Tales of Password Reuse

Published: 2013-11-22
Last Updated: 2013-11-22 15:45:51 UTC
by Rick Wanner (Version: 1)
7 comment(s)

As a security practitioner I try really hard to drink the Kool-Aid, in other words practice what I preach.  I have been a strong advocate, for well over a decade, of avoiding password reuse.  There is one consolation I personally made to password reuse. For years I  used one "throwaway" password for services where I didn't care about the account.  You know those annoying sites that make you sign up just to access some mundane capability.  In my case, my throwaway password is still a high quality password, but it is used on literally dozens of sites where there is no data of value, like Adobe.   After the Adobe breach I changed my throwaway password on as many sites as I could remember using it at, and developed a better methodology for passwords on these sites (i.e. no more reuse).  

Apparently I missed one. Yesterday I got an email from Evernote telling me that I had used the same password at Evernote that I had used at Adobe. The Evernote account  probably got my throwaway password before I realized the value of the Evernote service.  I now use Evernote nearly every day from my mobile devices; where I don't get prompted for the credentials; but never log into it over the web, so I didn't remember what the password was set to.

Needless to say I quickly changed my Evernote password and enabled Evernote's two-step authentication.

Shortly later an ISC reader forwarded a The Register article about a brute force authentication attack against github. While there aren't a lot of technical details in the article, this attack is interesting because it is a relatively slow attack from over 40,000 IP addresses, obviously designed to reduce the likelihood of any anti-brute-forcing controls kicking in. 

"These addresses were used to slowly brute force weak passwords or passwords used on multiple sites. We are working on additional rate-limiting measures to address this".  Suggesting that this was not your typical  brute force employing obvious userids and incredibly inane passwords, but a targeted attack against password reuse.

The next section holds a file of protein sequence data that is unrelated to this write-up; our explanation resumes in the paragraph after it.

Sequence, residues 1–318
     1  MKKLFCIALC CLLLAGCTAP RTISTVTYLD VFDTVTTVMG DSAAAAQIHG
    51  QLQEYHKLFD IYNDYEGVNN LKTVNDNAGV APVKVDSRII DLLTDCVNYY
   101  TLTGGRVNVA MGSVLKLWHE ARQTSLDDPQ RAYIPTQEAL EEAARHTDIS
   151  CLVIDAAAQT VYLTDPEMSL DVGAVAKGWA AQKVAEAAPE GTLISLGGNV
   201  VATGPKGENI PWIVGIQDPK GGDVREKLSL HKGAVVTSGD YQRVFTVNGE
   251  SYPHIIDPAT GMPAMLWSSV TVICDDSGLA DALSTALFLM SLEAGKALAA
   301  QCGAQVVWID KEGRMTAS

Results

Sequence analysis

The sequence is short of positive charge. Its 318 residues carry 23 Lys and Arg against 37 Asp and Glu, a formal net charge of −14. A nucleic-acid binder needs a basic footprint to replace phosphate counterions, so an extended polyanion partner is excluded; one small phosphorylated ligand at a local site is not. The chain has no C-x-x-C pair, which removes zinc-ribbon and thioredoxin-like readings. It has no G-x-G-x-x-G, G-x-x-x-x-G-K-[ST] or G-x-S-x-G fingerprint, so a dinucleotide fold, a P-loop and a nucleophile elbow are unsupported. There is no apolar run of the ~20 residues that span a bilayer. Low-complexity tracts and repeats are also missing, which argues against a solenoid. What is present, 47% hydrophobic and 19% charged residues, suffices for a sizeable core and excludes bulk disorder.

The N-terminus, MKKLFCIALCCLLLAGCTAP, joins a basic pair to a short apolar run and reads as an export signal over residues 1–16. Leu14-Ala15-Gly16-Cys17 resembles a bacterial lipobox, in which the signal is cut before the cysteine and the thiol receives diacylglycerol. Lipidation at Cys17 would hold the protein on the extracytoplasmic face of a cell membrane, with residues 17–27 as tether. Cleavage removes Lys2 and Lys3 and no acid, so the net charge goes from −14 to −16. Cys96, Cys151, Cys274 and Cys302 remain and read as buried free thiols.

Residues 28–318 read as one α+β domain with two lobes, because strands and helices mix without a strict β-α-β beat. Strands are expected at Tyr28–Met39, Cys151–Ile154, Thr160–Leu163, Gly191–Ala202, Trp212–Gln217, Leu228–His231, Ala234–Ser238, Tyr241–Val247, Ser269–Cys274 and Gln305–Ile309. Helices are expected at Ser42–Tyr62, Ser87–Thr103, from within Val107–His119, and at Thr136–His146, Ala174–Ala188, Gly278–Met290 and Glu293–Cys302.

The article also goes on to lament; "It strikes us that GitHub's recent bout of probing may stem from crackers using the 38 million user details that were sucked out of Adobe recently to check for duplicate logins on other sites."

Guess I will be looking at all my passwords again, including the ones used by my mobile devices!


-- Rick Wanner - rwanner at isc dot sans dot edu - http://namedeplume.blogspot.com/ - Twitter:namedeplume (Protected)

7 comment(s)


Maybe I misunderstand the Evernote message, but they are not saying you are using the same password between Adobe and Evernote, they are saying if you are, you should change it, no?
The subject implies that, but the content says "We compared this list to our user email addresses and found that the email address you used to register for an Evernote account is on the list of exposed Adobe accounts."

I'm pretty sure that the passwords not in the top 100 or so haven't been compromised yet, so they really wouldn't know if your throwaways aren't in the really really bad category. from the sound of things the list was encrypted reversibly but in triple DES.
You are absolutely correct. Just playing the role of paranoid security guy. (-;
Just because you are paranoid doesn't mean they aren't after you!

It would be a very poor reflection on Evernote if they were able to know your password. Although, I guess they could have changed the logic when a user enters a password (during login or password change) and compare to the known Adobe passwords at that time.
I have this task on my todo list as well. Using a password manager eliminates most of the need for a throwaway password.

Evernote does not need to know your password from their database. If they have an email from adobe and the adobe password produces the same hash stored for the evernote email matching account, you have used the same password at both locations.

I heard reports of about 150 million records in the adobe data breach. Only 38 million are active with adobe. Just because the remaining accounts are not active with adobe, does not mean a password was not reused at another location that is active.
Or they could apply their own hash to the passwords published by the Adobe breach and compare to what they store.

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